December 25, 2005

An Interview With the Consumerist

Former Gizmodo editor Joel Johnson tells Gelf about his new blogging assignment to expose evil companies and give tips for beating them.

Carl Bialik

Earlier this month, Nick Denton's bloglomerate Gawker Media launched the Consumerist. Former Gizmodo editor Joel Johnson provides a mix of anti-consumerism, dirt on customer-service sins, and tips on how to be a better consumer by finding deals. Last week, Johnson answered Gelf's emailed questions, telling us about the site's origins, his Marxist tendencies, and his "huge hard-on" for Amazon.

Joel Johnson
Joel Johnson
Gelf Magazine: Whose idea was Consumerist? What's the story behind its launch?
Joel Johnson[Gawker Media managing editor] Lockhart Steele approached me about the idea a few months ago. It was apparently something he and Denton had cooked up, albeit in a half-baked way. They knew they wanted a shopping blog—but not a shopping blog—and that they wanted to address the issues that consumers really find the most frustrating on a daily basis.

And by "consumers' frustrations" they meant "Things That Bug Nick Denton."

So we chewed on it for a while, did some test blogging, tried to find some editorial angle of attack. If you've read the site lately, you'll see that angle is fairly crooked, for which I am wholly to blame.

But it's really an unglamorous process. We thought we had a good idea so we turned on the site, more or less.

GM: How would you describe yourself as a consumer? Cynical but hopeful?

JJ: Undisciplined yet fussy. I will cringe at spending $10 in a retail store but gleefully and mindlessly drop ten times that amount online. Online shopping is my constant, gnawing need.

But how can you resist it? Today I decided I needed a new hat, so I browsed for hats for 15 minutes, clicked a button, and in two or three days will get a hat delivered to my door. Not just a hat, in fact—a hat wrapped in a box, like a present.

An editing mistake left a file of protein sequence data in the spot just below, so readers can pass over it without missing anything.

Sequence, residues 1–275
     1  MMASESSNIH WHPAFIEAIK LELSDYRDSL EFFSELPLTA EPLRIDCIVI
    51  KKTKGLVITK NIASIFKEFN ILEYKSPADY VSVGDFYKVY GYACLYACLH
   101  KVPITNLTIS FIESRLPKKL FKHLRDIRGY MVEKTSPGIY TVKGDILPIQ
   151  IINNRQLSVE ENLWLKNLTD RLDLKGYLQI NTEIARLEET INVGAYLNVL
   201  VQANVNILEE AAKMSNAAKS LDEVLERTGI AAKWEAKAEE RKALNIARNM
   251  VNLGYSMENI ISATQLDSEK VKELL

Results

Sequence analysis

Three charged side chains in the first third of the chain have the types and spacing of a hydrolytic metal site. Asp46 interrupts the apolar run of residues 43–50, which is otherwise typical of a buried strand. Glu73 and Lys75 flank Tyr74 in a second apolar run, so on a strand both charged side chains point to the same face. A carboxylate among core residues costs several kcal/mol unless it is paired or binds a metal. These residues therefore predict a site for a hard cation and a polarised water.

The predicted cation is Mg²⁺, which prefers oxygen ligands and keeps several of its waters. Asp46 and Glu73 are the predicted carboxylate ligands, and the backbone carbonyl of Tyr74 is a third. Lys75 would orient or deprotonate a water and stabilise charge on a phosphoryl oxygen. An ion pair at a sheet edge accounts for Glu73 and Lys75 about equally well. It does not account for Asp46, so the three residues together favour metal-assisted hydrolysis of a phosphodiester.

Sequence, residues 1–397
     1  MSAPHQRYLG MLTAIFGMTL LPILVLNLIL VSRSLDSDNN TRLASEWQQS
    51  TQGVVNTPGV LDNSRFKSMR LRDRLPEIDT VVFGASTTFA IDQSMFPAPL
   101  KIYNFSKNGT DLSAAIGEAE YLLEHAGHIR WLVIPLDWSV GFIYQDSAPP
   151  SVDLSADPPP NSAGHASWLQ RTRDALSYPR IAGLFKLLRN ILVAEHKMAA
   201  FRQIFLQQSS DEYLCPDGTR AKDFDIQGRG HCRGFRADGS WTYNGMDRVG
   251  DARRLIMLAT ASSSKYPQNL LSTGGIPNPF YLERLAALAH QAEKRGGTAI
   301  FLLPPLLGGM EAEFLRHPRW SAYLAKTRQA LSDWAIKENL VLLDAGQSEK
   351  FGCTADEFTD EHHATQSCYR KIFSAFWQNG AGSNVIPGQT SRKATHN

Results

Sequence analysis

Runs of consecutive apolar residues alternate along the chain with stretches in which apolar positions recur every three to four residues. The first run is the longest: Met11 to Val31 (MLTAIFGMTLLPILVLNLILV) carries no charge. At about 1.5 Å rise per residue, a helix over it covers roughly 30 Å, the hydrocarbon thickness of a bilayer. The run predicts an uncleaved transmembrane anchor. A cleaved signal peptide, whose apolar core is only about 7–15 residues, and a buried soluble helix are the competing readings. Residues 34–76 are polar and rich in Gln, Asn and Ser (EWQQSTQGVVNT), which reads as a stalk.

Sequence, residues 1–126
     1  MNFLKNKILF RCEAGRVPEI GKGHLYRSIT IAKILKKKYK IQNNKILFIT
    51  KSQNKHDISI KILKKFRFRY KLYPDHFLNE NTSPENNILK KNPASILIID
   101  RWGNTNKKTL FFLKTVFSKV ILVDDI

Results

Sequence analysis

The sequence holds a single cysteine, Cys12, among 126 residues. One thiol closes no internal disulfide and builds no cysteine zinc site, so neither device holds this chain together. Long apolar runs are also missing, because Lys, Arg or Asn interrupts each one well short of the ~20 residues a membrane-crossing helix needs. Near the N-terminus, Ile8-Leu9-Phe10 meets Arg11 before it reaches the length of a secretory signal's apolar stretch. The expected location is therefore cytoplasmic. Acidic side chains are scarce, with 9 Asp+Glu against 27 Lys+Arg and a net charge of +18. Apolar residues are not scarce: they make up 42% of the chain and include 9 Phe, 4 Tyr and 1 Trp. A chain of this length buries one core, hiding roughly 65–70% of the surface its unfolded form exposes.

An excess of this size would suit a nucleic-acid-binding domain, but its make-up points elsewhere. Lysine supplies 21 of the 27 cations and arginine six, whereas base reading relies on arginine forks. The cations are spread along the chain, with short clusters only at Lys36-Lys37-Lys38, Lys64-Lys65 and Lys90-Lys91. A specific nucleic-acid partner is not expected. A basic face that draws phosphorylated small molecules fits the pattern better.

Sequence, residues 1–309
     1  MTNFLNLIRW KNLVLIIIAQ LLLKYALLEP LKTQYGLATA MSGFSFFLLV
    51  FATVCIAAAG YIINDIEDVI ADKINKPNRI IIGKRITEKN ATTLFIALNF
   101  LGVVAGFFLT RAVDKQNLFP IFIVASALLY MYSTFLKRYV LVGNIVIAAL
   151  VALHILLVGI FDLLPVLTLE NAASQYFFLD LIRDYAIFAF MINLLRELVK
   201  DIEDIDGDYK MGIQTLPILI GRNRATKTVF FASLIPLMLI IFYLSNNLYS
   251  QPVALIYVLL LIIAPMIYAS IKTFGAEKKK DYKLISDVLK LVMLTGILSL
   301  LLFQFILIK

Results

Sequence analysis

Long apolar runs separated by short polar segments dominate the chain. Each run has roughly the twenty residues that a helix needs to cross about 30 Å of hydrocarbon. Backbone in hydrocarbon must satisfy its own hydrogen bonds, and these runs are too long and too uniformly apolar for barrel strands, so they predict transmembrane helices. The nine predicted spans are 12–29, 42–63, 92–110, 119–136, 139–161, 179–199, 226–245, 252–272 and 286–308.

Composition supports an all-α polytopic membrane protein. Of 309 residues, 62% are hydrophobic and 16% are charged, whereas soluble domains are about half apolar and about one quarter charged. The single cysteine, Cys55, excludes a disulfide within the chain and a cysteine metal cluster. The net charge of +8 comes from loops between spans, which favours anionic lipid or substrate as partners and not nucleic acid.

Bear also in mind that I make my living writing on the internet, so it is possible for me to both make and spend money in an unending cycle without so much as seeing the outdoors except as a bleary backdrop to my heroic UPS delivery man.

So that's me: a total whore to the broken machine. But I like that machine to at least attempt to lull me into complacency, not flaunt its screeching failings.

GM: Will Consumerist make capitalism a safer place for consumers?

JJ: The short answer is easy: no. The long answer is: still no, on the whole, but with little bits of yes here and there. (And it might be lame to say so, but it should be said that our impact, such as it is or will be, would be greatly lessened without our readers out there making their issues known and acting as our unpaid research team.)

Most of my concessionary position stems from my opinion that we're not ever going to break free of capitalism and free market transactions, so we damn well better be treated fairly and politely when I'm greasing the cogs with my money. I probably have more Marxist in me than most Americans, and I still enjoy the little brain buzz I get from buying new things, even if I am cognizant of their ephemeral nature. It's okay to like capitalism, even the selfish parts, but we just shouldn't be so drunk on it.

GM: How important is it to be able to launch a blog with the backing of a company like Gawker, to lend credibility and traffic?

JJ: It's a load of help, naturally, but important? Not so much. I've seen solo sites go from nowhere to name brand in a few months just on the strength of their writing and topic. Launching a site with Gawker gives a great leg up, with an established infrastructure and lots of site promotion opportunities, but it's still the content that makes or breaks something, as much as it frightens me to acknowledge that.

In some ways it makes it a bit harder. You've got a lot of hungry eyes from the start, ready to take a chunk out of you since you're part of a network. You're getting a paycheck to do a job, which can dull some of the sense of passion that makes young blogs so addictive. But, you know, paychecks are nice. And coffee is an acceptable replacement for passion, when necessary.

GM: Seems like your chosen topic could create a litigation minefield. Does anyone screen your posts? Have you been given general guidelines for how to rip companies without having them sue you?